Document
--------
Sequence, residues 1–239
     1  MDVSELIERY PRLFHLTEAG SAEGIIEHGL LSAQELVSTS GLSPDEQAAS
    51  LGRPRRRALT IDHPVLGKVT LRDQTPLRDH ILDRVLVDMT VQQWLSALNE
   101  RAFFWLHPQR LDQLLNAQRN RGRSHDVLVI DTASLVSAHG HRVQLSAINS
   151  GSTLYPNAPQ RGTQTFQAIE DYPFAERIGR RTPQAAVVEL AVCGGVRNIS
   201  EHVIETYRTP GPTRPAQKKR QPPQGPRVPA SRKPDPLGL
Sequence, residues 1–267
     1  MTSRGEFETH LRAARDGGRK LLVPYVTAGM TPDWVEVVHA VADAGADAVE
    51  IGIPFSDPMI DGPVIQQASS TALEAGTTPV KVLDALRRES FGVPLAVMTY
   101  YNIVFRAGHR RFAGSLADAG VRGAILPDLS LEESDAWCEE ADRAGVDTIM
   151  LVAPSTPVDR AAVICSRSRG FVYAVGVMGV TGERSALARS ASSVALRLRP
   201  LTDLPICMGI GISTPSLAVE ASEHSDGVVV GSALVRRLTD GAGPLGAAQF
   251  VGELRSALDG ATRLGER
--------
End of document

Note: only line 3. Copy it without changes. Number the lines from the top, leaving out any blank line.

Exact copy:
    51  LGRPRRRALT IDHPVLGKVT LRDQTPLRDH ILDRVLVDMT VQQWLSALNE